. Don’t forget to call your doctor on the way to the ER
When ER doctors hear from a fellow physician, they listen, says Beiser at the University of Chicago. "They’ll talk to me professionally and put a bug in my ear," he says. "This guy will now be on my radar screen."
2. Don’t use an ambulance unless you really need it
"There’s a myth out there that if you arrive in an ambulance, you’ll go straight back to the doctor," Mason says. "But it’s not true. If we can see that you can walk, you may get asked to get off that gurney and go to the waiting room."
3. Don’t be quiet
If the triage nurse — that’s who makes the decisions about who needs care first — isn’t helping you, don’t stop there, says Sayah. "Speak up. Say, ‘I need to see the person in charge,’" he says.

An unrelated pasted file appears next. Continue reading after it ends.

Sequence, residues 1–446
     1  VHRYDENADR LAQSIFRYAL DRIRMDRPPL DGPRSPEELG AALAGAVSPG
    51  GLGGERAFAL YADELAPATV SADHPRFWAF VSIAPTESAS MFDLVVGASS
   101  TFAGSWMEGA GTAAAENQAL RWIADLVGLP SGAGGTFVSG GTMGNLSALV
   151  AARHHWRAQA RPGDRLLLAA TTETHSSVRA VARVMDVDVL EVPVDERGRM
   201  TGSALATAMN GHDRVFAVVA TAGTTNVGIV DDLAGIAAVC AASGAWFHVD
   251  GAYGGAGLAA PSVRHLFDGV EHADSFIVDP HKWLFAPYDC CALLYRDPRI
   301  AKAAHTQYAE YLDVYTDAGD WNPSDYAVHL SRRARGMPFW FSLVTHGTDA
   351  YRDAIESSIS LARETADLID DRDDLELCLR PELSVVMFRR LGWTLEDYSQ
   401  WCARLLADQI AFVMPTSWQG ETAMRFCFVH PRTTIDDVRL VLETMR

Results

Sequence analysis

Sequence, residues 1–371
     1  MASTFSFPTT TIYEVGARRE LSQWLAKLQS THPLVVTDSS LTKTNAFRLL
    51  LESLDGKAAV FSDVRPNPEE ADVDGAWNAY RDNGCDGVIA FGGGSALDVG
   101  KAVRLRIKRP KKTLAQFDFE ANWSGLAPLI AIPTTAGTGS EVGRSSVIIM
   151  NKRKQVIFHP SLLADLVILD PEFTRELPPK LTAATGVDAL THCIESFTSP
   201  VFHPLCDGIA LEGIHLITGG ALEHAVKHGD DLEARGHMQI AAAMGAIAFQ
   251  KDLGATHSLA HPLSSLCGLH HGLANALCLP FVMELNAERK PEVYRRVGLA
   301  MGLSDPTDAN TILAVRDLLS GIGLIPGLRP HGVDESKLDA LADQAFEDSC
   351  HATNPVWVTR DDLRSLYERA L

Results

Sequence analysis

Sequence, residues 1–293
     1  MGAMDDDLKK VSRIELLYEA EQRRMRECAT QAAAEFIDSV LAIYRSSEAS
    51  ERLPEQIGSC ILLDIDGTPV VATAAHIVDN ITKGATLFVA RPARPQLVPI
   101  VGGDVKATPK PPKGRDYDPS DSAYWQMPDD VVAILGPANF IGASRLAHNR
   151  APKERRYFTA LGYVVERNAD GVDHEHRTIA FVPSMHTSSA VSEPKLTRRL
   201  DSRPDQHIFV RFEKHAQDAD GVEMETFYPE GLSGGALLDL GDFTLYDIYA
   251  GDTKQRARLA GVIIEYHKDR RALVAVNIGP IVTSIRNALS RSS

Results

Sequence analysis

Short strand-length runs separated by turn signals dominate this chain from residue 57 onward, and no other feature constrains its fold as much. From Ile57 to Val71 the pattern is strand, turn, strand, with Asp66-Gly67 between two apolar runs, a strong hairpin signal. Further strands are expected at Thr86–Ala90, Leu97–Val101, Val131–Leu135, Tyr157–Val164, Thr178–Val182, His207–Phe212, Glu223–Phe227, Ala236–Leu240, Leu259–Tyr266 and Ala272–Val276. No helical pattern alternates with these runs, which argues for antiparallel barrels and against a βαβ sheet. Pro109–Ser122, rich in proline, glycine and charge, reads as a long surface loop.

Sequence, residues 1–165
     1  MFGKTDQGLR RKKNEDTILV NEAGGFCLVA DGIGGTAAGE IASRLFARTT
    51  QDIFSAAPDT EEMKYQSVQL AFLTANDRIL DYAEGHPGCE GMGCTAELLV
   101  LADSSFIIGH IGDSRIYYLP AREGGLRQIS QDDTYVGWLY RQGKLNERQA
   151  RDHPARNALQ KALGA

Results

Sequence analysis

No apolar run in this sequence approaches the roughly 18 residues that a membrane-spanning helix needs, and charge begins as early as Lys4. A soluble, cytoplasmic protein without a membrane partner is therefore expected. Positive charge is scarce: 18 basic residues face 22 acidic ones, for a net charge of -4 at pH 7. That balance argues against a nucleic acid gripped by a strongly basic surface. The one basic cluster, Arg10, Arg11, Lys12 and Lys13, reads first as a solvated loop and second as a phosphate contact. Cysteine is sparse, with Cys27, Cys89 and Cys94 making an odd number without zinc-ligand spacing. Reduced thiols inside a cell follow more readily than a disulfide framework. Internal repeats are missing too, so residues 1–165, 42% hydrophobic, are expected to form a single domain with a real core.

4. Don’t get angry, and don’t lie
While it’s important to make yourself heard, it’s also important to use basic etiquette.
"We’re all human, and usually when people are nice to us, we’re nicer back to them," Sayah says.
Lying about your symptoms — making them seem worse than they really are in hopes of getting attention faster — can backfire, says Dr. William Bozeman, an emergency room doctor at Wake Forest University Baptist Medical Center in Winston-Salem, North Carolina.
"We have people saying they have crushing sub-sternal chest pain, that they’re having a heart attack, when in reality they’re trying to get Vicodin for chronic back pain," he says. When the staff figures it out, "They may not be very pleased at all and may not treat you nicely."
5. Don’t forget the phone
If things get really bad, and no one is helping you, look for a house phone, dial zero, and ask for the hospital administrator on call, Sayah says. "Even the smallest hospitals have a hospital administrator or a patient advocate on call 24/7," he says. "Hospital administrators don’t want to hear patients are unhappy. Their job is to break the hurdles and move forward."